Abortion Pills

Abortion Pills Usage

How to Use Abortion Pills

Have a recent ultrasound that shows the pregnancy is in the uterus, not in the fallopian tubes.

Your healthcare provider will do a pelvic exam to determine how many weeks pregnant you are. It’s important to understand how far along your pregnancy is because medication abortion is only effective during the earlier stages of pregnancy.

Your doctor or nurse must determine whether or not the pregnancy is in the uterus and not in the fallopian tubes (called an ectopic pregnancy), which can be dangerous and requires different treatments that won’t be covered here. The doctor may want to do a blood test to determine the level of a hormone called human chorionic gonadotropin (HCG).

Know how far along you are by counting from your last menstrual period.

Self-managed abortions are safe and effective. They work best when done early in pregnancy before your pregnancy hormone levels get too high. We recommend using abortion pills if you are 10 weeks or less pregnant. To make sure you’re within this time range, count how many weeks have passed since the first day of your last menstrual period (LMP). If you don’t know when your last period was or aren’t sure if you have been pregnant long enough to use these pills, it is a good idea to see a doctor for an ultrasound or blood test first. 

Use the method that is appropriate for your medical situation and personal preferences.

Think about your health. If you are concerned about having a medical abortion with Abortion pills because you or someone in your family has a history of:

heart disease

high blood pressure

a stroke

diabetes or other health issues, the medical abortion pills may not be for you. Talk to a doctor or nurse about your situation before deciding on this method. Do not use this method if it is not right for you. It might be better to have an in-clinic abortion procedure. If a doctor recommends that option, we can provide referrals to clinics that are affordable and trustworthy. Contact us if you would like help finding an in-clinic abortion procedure provider.

Follow the instructions carefully

Follow the instructions on the package carefully.

  • Take the pills at the right time. The first step is to find out how far along you are in your pregnancy. You can count from the first day of your last period, or go to a healthcare provider for an ultrasound. It’s really important to take the first pill (misoprostol) at exactly 9 weeks (63 days) after your last period started, or 7 weeks since you think you might have conceived, not before and not after! If you are more than 63 days pregnant, it’s likely that you won’t have a complete abortion with mifepristone and misoprostol alone, so it’s best to talk with a healthcare provider about other options.​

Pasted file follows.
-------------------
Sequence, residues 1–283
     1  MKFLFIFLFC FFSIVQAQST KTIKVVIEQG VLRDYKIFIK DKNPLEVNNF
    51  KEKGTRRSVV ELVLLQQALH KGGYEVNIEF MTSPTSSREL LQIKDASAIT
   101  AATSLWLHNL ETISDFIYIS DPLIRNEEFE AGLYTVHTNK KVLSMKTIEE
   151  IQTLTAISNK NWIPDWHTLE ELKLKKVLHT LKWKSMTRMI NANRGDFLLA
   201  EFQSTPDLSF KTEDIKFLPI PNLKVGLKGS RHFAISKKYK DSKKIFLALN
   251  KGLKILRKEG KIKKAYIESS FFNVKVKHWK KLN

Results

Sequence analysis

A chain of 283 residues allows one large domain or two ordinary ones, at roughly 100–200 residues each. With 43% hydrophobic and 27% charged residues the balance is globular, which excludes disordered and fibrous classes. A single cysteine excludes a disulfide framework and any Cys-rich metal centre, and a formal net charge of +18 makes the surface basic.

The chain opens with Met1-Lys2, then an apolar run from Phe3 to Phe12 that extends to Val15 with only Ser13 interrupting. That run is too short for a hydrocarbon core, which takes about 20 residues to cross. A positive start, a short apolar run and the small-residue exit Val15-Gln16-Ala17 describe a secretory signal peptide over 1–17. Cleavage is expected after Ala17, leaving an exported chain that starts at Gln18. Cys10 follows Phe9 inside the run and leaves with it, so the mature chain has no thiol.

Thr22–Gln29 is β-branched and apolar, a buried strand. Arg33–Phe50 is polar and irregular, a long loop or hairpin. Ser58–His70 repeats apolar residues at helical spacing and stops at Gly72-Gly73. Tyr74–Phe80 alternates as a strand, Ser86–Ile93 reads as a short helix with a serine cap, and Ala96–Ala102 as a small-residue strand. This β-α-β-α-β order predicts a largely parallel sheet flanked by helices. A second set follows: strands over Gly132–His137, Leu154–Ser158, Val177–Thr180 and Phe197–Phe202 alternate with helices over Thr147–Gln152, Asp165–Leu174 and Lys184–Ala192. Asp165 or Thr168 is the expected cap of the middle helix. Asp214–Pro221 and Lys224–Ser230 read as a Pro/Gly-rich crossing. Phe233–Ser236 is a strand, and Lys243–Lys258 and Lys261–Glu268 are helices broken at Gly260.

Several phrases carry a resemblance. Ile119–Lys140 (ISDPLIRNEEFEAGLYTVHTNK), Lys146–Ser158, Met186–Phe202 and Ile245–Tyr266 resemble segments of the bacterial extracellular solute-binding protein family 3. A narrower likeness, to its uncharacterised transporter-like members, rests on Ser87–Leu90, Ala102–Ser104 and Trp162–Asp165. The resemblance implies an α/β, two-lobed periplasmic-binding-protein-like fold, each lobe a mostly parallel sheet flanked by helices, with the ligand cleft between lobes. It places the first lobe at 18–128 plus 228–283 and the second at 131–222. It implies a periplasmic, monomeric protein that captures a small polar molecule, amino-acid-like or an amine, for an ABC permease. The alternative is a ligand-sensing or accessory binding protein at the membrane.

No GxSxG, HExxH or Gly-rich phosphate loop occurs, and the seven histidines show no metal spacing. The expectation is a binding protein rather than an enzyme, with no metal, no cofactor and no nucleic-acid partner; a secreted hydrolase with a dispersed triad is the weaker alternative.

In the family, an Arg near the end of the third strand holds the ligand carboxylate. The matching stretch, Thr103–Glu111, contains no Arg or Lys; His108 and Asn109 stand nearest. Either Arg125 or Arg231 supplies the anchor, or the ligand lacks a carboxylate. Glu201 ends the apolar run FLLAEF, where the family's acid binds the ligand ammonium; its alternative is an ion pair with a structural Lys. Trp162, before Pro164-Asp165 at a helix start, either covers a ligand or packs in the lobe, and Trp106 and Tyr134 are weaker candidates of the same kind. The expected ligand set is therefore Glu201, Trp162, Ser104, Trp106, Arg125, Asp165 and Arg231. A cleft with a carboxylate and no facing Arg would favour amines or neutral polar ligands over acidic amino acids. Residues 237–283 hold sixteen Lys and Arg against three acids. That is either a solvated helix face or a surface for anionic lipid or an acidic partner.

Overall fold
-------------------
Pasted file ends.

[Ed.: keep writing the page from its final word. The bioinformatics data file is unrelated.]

• Use birth control if you want to avoid pregnancy in the future! Your fertility will return right away after having an abortion with these pills. So if you want to avoid getting pregnant again soon, start using birth control as soon as possible! There are many different types of birth control available—most of them work great if used correctly but some are more effective than others at preventing pregnancy. If you’re looking for something that works super well without having to worry about it every day, consider getting an IUD or implant which can prevent pregnancy for 5-10 years depending on what type you get!

Abortion can be done early in pregnancy using Abortion pills that induce miscarriage.

This method can be used in the first 10 weeks of pregnancy and is best suited for people who do not have access to a safe procedure with a health care provider. If you are more than 10 weeks pregnant, this method will not work. This method may also be called self-managed abortion or home use of abortion pills.

Two types of pills can be used for self-managed abortion: mifepristone and misoprostol. The process of using these pills to self-manage an abortion is described below. Mifepristone and misoprostol may also be used together by women seeking a medical abortion after the 10th week of pregnancy, but this protocol (and side effects) is different from the protocol recommended for early medical abortion before 10 weeks gestation (see ‘Medical methods’ section).

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